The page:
So rather than, “She was at home,” you might try “She waited at home,” or “She stayed at home,” or “She twiddled her thumbs at home, wishing with all her might that she were somewhere else.” A “sky that was sunny” becomes “a sunny sky,” and “clouds that were puffy” become “puffy clouds.” “There was a man on the hill” becomes “A man stood on the hill.” Word count drops, rhythm improves, and images grow vivid.
The “be” verbs also act as helpers for past progressive verbs. Rather than simply stating that an action happened, a past progressive (or past continuous) verb traces its action—it shows that is “is happening.” So we get “was being,” “were singing,” “were rustling,” “was coming,” “were encouraging, “were waiting.”
At times you may want to stress the continuation of an action. In that case past progressive is fine. But normally, the simple past form of the verb will be more effective: sang, rustled, came, encouraged, waited. “Was being” is completely replaced by wording that SHOWS the mansion being built.
The forms of “be” show up again in the use of passive voice. This is actually the biggest problem with the “Before” paragraph, far outweighing the others. Reading it, you might wonder, “Who the heck are these people? There’s no one in this scene!”
The mansion might be raised by phantoms, for all we can see:
The ramshackle mansion was being built . . . by whom? Nails were hammered sharply into boards . . . by whom? Bricks were laid . . . by whom? Who was encouraged by the sounds of construction? Who lays aside his hammer? There isn’t a single actor in the whole paragraph; instead, every noun is acted upon. That is the difference between passive and active voice.
Even passive voice has its place in fiction: it’s quite effective, for example, to create surrealism or suggest shock. But active voice acts, and that makes it by far the stronger mode of construction. The “After” paragraph has people, real characters, doing real things.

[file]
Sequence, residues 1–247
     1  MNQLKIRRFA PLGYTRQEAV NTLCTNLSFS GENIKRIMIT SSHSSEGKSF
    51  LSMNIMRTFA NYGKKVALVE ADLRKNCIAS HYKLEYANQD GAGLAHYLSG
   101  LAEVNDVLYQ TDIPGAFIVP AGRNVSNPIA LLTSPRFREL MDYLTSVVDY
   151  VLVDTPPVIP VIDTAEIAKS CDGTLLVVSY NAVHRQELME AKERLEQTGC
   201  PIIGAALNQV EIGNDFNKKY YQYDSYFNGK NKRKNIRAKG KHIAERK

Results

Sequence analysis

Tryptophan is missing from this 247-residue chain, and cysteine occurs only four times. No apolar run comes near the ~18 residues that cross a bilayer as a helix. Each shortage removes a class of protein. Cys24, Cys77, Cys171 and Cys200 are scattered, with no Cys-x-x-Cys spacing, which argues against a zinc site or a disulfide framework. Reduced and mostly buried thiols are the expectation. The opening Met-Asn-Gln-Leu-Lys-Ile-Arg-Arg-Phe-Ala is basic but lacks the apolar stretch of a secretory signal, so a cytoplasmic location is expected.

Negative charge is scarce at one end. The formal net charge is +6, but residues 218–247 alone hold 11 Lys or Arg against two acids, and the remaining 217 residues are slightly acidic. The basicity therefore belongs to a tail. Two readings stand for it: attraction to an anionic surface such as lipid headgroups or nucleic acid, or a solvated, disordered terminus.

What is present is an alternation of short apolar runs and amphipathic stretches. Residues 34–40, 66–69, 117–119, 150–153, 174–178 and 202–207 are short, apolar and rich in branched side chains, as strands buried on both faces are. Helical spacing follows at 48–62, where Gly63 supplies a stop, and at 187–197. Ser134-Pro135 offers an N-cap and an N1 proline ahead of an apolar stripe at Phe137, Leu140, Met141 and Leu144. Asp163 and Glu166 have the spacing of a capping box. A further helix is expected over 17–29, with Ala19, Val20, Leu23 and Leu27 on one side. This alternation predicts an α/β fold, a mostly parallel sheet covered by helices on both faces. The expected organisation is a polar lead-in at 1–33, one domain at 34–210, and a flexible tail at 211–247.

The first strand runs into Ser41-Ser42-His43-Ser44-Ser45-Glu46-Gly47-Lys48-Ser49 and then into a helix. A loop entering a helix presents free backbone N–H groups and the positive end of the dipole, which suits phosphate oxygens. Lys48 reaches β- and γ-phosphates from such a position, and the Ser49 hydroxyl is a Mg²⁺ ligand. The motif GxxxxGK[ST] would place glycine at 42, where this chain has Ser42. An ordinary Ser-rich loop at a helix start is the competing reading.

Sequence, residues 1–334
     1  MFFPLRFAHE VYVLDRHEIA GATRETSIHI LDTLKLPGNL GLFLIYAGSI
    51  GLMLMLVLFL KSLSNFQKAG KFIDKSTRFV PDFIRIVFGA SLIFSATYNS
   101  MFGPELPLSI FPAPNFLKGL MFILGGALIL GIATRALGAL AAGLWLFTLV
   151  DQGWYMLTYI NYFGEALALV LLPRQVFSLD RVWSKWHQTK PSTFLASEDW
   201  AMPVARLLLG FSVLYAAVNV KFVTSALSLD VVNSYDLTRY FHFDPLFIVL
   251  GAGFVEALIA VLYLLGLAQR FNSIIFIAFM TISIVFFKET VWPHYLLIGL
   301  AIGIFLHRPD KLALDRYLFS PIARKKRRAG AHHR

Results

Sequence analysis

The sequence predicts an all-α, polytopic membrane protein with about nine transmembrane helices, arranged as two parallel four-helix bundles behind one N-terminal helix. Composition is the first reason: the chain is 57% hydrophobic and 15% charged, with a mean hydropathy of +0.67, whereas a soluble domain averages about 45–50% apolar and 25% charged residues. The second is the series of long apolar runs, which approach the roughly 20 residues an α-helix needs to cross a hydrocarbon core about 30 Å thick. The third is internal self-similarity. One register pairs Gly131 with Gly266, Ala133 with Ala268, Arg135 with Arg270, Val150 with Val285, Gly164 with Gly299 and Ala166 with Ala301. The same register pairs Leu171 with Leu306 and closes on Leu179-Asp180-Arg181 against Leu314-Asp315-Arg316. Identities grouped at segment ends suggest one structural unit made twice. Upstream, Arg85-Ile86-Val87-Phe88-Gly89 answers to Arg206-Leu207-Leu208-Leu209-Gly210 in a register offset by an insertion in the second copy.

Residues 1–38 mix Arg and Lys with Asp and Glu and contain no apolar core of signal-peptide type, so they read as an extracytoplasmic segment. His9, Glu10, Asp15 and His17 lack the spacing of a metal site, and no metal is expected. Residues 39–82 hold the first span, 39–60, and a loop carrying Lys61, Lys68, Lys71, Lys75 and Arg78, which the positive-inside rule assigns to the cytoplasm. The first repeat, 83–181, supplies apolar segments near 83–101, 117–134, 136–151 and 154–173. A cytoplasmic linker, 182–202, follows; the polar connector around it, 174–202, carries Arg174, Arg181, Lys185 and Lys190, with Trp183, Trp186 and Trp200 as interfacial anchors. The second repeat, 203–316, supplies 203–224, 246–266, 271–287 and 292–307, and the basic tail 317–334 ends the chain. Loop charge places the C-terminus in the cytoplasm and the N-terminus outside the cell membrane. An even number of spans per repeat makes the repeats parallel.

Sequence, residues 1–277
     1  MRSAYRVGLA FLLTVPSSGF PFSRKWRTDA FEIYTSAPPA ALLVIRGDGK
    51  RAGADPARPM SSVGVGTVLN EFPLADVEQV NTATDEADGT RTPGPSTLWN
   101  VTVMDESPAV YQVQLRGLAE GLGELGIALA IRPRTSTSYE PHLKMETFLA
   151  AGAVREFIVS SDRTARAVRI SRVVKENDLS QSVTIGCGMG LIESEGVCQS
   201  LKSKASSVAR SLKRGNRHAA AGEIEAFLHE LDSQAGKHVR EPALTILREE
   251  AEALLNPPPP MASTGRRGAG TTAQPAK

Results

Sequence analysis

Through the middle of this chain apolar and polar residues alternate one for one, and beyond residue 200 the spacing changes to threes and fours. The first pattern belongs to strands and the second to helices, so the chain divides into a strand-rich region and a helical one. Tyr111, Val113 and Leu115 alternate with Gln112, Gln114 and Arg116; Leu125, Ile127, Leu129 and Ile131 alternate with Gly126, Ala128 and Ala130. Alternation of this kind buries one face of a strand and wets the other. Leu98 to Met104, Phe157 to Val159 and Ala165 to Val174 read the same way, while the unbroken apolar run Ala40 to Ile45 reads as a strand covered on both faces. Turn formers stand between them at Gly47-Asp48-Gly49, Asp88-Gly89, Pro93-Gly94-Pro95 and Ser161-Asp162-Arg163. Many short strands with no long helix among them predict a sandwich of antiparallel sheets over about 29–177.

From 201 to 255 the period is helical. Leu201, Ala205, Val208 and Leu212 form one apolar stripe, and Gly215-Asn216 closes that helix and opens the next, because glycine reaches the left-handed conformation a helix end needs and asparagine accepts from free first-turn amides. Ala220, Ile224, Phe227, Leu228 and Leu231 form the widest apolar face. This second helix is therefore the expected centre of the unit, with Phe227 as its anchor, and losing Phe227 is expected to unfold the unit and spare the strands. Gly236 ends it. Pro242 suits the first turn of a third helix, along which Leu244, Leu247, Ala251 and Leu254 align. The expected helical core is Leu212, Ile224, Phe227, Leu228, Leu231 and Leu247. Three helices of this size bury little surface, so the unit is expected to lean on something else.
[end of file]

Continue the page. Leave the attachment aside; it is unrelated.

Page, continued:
Which brings us, finally, to the problem of vagueness. Passive voice and state-of-being verbs contribute to making a scene vague; so does past progressive with its tendency to suggest that nothing is ever really finished or going anywhere definite. But here nouns, adjectives, and adverbs all come into play as well:
The more general the wording, the less vivid it will be. The more concrete and specific, the more vivid. Specifics make a movie out of mud.
In the “After” paragraph, therefore, we have Garth, a man with a name; we have dark-skinned slaves, a hammer, sounds that are not just “sounds of construction” but that buzz, scrape, churn, strike, and drown out other sounds.
Strong verbs, active voice, concrete nouns and modifiers: all make for scenes that move, that are vivid, that create stories out of sentences and invite us in.
Has this post given you a better sense of how to construct active, effective sentences? Has it changed your understanding of “passive voice” or helped you understand how these sentence constructions might be used to “shade” a scene rather than as its primary colors? Can you identify weak verbs, vague descriptors, or poor choices of tense in your own writing?